Knox Co. leaders share security measures in protecting voter info

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KNOXVILLE, Tenn. (WATE) – With city elections just one month out, election security is top of mind.

How can we make sure our vote counts and our information is secure? Secretary of State Tre Hargett tweeted on Friday what the state is doing to ensure the integrity of upcoming elections.

  • Weekly vulnerability scans from the Department of Homeland Security
  • Vulnerability scans from independent contractors
  • Mandatory two-factor authentication for access to the state voter registration data
  • Upgraded cybersecurity and firewall protections
  • Upgraded election night reporting security
  • Cybersecurity training for Secretary of State staff and election officials in all 95 counties
  • Coordination with the U.S. Department of Homeland Security, Tennessee Department of Safety and Homeland Security and FBI to monitor election day activities

Zack Webb, Knox County Senior Director of Information Technology, says we live in a world where there are hackers trying hard to get sensitive data, but when it comes to protecting our information, he says things have drastically changed for the better.

We visited Knox County’s data hub in the basement of the City/County building where some of our voter information is stored.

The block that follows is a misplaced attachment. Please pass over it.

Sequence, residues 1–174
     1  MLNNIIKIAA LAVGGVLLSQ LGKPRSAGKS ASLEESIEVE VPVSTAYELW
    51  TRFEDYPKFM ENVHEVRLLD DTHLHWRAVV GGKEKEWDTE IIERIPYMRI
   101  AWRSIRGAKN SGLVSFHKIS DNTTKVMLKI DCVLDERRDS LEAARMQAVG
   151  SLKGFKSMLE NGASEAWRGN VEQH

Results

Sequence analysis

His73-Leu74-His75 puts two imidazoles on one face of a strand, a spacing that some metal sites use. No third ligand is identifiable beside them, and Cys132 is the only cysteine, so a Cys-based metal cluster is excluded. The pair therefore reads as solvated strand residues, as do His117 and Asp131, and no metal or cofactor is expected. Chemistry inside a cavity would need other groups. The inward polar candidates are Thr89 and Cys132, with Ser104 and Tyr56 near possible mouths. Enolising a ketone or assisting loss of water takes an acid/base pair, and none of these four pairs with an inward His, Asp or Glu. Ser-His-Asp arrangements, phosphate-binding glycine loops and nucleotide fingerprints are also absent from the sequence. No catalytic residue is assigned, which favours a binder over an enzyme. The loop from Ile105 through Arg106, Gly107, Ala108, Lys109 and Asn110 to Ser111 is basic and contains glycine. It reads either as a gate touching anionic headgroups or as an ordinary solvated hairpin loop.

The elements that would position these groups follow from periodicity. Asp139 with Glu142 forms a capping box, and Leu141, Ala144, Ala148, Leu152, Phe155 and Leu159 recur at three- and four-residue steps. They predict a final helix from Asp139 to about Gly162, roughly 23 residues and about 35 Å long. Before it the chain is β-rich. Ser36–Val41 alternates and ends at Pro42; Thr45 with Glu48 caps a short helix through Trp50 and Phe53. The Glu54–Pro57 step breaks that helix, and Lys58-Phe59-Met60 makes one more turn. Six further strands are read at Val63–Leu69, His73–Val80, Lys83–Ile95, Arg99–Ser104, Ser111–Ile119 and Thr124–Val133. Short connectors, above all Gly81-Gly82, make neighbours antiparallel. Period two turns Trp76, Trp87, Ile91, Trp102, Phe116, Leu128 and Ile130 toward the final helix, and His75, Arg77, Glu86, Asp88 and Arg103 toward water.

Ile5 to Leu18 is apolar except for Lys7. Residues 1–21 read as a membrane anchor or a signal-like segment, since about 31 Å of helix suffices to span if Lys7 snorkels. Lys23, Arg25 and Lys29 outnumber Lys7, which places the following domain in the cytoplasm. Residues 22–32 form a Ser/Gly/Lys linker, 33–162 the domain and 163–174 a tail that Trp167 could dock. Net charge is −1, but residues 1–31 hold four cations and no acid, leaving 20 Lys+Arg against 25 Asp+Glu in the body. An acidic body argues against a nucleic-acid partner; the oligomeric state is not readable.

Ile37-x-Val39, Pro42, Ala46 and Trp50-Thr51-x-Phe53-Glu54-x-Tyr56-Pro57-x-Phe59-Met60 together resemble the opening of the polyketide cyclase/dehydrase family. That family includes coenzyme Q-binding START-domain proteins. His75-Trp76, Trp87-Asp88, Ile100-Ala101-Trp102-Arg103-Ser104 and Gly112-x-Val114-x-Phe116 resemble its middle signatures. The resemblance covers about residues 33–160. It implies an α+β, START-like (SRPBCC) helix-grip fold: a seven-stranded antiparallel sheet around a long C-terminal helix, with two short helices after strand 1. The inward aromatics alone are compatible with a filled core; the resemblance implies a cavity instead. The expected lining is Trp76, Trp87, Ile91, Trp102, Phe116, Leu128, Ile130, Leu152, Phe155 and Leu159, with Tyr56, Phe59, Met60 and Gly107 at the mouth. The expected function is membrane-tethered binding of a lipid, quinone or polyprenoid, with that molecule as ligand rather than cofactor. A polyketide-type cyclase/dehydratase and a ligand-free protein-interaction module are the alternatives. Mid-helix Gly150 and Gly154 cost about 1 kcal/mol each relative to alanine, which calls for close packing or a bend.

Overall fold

“So, the data is maintained primarily in the Data Center here in Knox County but we do have multiple backup copies that we distribute throughout multiple Data Centers across various locations,” said Webb.

He says the state and Federal Government give guidelines on protecting our private information, “We have multiple layers of firewall protection in our environment, we do lots of backups for all this information, there are a number of integrity checks that take place on the data itself and we’re not only monitored in house, but we also have third party monitoring that happens as well.”

To maintain security, Webb could only speak in generalities but he says there’s a reason why protecting voter information is so important, “The vote itself could not be changed. However, the information could be used, the main reason for that would be to put the perception of tampering and create doubt in the election process itself.”

Webb says the IT Department is always upgrading their cybersecurity infrastructure and focusing on cybersecurity training.

“There are a lot of things changing and ever evolving so we have dedicated resources on staff, 24-hours a day, third party monitoring that watch these things, watching for threats. We are by no means fool-proof, but we are following practices and making sure we do everything we can to stay up to date,” added Webb.

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